4. #14
    Quote Originally Posted by IceStationZebra View Post
    Valid point.

    But biopsies have high rates of false negatives....MRI’s are basically useless in practical use (my MRI missed my cancer and found things that weren’t cancer), half of my tests meant to exclude cancer are indicative of problems and half are pointing away from problems. We know that a significant number of guys get their cancer upgraded when RP is performed. So how do I ever confidently say whether I have more advanced cancer or whether it’s in the prostate or not? Biopsies are the answer but see the first line of this paragraph.

    So it seems at best there is a gamble no matter what you do. I know where/how I’ll take my gamble but the maddening part is not knowing if that decision will be correct. You either deal with second guessing yourself or the consequences of not acting soon enough.

    Maybe technology will advance soon, especially in imaging. If we could accurately size, locate and guarantee where the cancer is or isn’t, we’d be better off.
    Regarding prostate confinement, it's not biopsies alone, but biopsies, mpMRIs and targeted biopsies, CT with & without contrast, bone scans, PSMA-PET and auxim scans, sometimes x-rays, PSA and related tests, DRE, genomic and genetic testing...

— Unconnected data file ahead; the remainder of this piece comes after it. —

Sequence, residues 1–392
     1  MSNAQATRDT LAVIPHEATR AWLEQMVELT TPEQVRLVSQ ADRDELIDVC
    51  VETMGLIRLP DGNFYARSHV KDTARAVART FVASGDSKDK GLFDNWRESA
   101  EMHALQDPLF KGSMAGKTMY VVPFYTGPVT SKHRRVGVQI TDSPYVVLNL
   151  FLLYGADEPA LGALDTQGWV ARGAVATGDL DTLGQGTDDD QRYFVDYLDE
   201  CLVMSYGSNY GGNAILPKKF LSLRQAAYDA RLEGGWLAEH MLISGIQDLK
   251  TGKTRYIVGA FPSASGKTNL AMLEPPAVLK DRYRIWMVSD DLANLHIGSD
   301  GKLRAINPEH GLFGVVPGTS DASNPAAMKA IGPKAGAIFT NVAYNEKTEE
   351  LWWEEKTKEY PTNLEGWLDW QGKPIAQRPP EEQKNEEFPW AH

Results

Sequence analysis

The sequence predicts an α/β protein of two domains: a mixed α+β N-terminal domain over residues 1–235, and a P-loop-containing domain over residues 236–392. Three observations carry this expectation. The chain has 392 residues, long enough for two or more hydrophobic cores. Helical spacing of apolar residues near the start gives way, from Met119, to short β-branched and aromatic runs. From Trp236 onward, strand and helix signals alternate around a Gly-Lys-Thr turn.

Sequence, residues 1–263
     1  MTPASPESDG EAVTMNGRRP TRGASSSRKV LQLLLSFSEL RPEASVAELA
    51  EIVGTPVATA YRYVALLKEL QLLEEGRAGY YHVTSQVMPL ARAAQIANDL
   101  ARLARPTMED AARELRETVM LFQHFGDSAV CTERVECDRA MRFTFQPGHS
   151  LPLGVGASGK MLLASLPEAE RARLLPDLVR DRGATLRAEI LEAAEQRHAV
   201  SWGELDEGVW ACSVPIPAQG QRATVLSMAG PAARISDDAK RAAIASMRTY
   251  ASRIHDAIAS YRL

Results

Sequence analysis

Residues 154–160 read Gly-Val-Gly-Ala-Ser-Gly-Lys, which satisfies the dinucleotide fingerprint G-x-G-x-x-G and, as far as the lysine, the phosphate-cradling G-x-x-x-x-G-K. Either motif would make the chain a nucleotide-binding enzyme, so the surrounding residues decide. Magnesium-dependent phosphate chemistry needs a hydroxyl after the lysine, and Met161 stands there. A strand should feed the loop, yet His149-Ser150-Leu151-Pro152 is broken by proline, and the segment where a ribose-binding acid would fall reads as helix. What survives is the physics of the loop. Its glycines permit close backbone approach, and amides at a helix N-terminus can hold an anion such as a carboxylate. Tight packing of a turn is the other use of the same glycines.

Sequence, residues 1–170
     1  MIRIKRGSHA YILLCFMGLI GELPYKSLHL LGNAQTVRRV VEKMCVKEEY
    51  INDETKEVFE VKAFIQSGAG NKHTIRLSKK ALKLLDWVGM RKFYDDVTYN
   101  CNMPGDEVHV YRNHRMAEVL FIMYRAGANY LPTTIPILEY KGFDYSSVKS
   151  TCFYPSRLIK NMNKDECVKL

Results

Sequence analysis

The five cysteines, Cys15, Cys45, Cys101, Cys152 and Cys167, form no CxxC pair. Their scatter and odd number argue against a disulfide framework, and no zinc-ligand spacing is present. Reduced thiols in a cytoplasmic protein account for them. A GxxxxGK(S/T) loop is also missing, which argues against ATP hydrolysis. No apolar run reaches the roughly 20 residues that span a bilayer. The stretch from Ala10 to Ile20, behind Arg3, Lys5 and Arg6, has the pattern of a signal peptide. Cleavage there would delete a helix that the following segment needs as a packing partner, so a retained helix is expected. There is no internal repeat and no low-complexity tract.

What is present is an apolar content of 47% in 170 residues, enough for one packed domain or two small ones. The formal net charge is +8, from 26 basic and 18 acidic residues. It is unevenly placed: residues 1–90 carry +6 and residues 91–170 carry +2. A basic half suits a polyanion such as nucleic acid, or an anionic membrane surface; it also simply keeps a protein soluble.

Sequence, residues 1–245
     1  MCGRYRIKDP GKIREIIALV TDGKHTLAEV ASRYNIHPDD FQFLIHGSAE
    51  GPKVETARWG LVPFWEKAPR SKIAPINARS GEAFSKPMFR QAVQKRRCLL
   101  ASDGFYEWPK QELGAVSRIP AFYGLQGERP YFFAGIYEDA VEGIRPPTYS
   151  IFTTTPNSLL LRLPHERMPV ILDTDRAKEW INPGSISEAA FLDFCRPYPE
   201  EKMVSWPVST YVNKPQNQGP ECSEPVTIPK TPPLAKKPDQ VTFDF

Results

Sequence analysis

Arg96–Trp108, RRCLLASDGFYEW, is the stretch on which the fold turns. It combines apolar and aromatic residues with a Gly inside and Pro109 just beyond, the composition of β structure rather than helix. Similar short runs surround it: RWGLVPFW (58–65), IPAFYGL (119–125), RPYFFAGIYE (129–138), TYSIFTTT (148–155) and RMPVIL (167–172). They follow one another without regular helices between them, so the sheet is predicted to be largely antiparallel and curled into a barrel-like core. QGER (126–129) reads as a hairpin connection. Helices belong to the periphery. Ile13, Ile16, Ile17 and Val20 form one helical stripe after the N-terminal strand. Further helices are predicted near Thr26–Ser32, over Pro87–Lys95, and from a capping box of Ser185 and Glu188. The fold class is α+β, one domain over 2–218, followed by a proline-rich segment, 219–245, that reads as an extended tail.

The chances of biopsies or targeted biopsies that continually miss significant lesions, however large you estimate the chance of one, go down very fast with each repeat biopsy (do the multiplication yourself to confirm this).

    Genomic testing can estimate your chances of disease that is not prostate-confined as well as your risk of metastases.

    I grant you that AS isn't for everyone who is a potential candidate. The big problem in PCa as I see it is, however, is men with metastatic disease who arrive too late for their first visit with the urologist.
    Last edited by DjinTonic; 04-29-2019 at 03:49 AM.

  5. #15
    Hi Ducky, Donít let yourself be panicked into perhaps unnecessary treatment by alarmists.

    Iíve been on active surveillance for ten years with zero progression, as proved by MRI and targeted transperineal biopsy.

    Now, with four cores bilateral at age 58, you are at slightly more risk than I was, but you are still low risk. Hopkins has the strictest AS criteria in the world, so donít be too discouraged if you donít meet their standards.

    Your plan sounds good, do an MRI, and then a targeted confirmatory biopsy within a year, to make more certain that a higher grade cancer was not missed by the first one.

    Also, studies from JH have shown that there is no additional mortality risk with men who started AS, and then were upgraded and needed treatment, versus men who chose immediate treatment.
    DOB: May 1944
    In Active Surveillance program at Johns Hopkins
    Strict protocol of tests, including PHI, DRE, MRI, and biopsy.
    Six biopsies from 2009 to 2019. Numbers 1, 2, and 5 were negative. Numbers 3,4, and 6 were positive with 5% Gleason(3+3) found. Last one was Precision Point transperineal.